Hubert_25-25

Tar Strips under Aprons and Hood sill

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I am getting close (maybe closer is a better term) to being able to set the body back on the frame, but I need a little guidance please.  My body was off the car for decades and then hastily rebolted to the chassis to make it look like a car and to allow for transport.  The tar strips from between the apron and the frame were in a box.  The body has 1/4" thick rubber pads that are nailed to the bottom side of the wood frame.  I think where these touch the frame, they did not put any tar strips under these rubber pads.  Can anyone verify this?  

I am also wondering how much of "under the apron" had tar strips under it.   Did they put anything between the frame and the hood sill?  I numbered some of my questions in the slides as well.

Any help is appreciated.   Thank you,    Hugh

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I don’t know the answer.   However, what would it hurt to put them in?  Hard or impossible to see, and will possibly protect and prevent a squeak or rattle.

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Hugh

 

Wow, you are making great progress!

I would use the the 'tar strips' anywhere painted sheet metal surfaces attach. I think they commonly call it 'anti-squeak' for a reason although I'm not sure that you will be able hear the squeaking over the road noise of an open car!

Plus you wouldn't want all the hard work of getting the paint on the metal to be undone.

I use roofing felt available from Home Depot. A $30 roll will do about 100 cars . The stuff I have in my shop right now is .045" so you could double it up if you wanted to duplicate what you have.

I ordered an anti squeak kit for my 52 Chev and in some places the new product had the same  2" guideline markings on it that you find on the roll of roofing felt!

3M feather spray contact adhesive to hold it in place while you put it together.

 

Brad

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Heavier material can be had as expansion strip for sidewalks and other concrete work.

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Don, Brad, and Larry,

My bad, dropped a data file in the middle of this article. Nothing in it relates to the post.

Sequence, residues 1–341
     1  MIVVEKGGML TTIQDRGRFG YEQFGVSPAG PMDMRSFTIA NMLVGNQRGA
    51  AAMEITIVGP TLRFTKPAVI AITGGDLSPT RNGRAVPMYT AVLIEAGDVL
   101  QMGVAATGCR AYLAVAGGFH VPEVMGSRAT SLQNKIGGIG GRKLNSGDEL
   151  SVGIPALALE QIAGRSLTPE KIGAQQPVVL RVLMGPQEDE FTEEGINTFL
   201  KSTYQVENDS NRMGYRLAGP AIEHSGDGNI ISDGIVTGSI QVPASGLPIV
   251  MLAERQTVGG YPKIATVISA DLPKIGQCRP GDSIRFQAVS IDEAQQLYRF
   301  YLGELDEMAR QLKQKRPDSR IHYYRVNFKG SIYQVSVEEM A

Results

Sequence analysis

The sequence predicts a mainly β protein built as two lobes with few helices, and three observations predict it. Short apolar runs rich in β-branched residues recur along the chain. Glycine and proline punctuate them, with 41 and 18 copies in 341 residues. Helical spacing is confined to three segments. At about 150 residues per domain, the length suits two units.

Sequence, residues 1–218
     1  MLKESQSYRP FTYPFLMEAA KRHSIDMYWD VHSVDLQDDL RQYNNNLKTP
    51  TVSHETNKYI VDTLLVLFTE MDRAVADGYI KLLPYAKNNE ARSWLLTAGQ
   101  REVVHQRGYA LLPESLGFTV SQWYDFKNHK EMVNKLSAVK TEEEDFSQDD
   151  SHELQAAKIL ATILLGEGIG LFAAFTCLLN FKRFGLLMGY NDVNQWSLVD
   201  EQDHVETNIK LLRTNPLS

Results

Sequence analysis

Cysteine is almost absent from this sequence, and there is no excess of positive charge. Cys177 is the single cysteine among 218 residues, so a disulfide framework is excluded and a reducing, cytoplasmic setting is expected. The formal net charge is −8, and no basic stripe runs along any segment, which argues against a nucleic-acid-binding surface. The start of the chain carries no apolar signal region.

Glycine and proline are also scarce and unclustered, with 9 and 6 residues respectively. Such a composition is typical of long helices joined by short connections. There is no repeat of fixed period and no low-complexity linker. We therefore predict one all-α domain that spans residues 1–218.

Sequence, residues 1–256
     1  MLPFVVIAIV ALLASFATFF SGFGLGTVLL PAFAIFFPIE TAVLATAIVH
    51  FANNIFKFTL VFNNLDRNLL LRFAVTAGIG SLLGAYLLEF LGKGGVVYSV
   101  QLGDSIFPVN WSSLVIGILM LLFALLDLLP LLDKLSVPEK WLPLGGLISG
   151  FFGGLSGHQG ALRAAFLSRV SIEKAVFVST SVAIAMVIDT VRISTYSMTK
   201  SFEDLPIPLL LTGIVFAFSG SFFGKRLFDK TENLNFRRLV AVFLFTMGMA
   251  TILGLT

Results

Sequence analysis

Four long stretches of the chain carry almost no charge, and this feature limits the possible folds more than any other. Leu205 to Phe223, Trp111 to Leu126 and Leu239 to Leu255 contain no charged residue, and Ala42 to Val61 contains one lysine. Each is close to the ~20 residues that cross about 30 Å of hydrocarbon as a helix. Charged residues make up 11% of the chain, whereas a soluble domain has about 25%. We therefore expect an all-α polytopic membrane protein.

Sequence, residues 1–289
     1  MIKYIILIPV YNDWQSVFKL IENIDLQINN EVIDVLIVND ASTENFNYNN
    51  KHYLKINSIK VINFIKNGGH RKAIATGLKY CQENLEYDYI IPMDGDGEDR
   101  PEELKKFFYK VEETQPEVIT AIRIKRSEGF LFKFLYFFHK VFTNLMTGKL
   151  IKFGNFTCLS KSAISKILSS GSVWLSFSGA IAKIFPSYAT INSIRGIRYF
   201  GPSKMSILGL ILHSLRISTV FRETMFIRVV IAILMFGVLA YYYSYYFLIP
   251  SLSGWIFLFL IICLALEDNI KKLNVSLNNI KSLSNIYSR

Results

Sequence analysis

Thanks for the advise.  I am going to see if I can find one of your tar paper suggestions at Lowes.  I think Buick did lay some of the painted surfaces together during initial assembly.  I know that they did not use any fender welting in 1925.  Not sure when the practice of using fender welting was started.  I did buy some "asphalt treated webbing" for on top of the chassis, but I like the idea of using tar paper or the concrete barrier strip as substitute on top of the chassis  because this is more like the original material, and also it will really flatten out if it needs to.  Wanting something that will also not hold water.

The other thing I was going to use is 3M strip caulk between the fenders and the body.  We used to use this to make circles around tail light lenses and bolts to keep water out of the trunk, and you could remove the light later without any issues.  I think this would be good as well between the hood sills and the front top of the running board aprons.  The nice thing about strip caulk is that it will protect the paint and leave a very small gap between the parts.  It won't hold water and it is easy to clean at the edge of the parts if it squeezes that far and you don't know it's there.         Hugh

      

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I like to use the window glass setting tape.  It's more expensive, but it will last a long time.  Besides noise reduction, it also wiil keep two metal pieces separated so there is less opportunity for electrolitic  corrosion. 

 

Bob Engle

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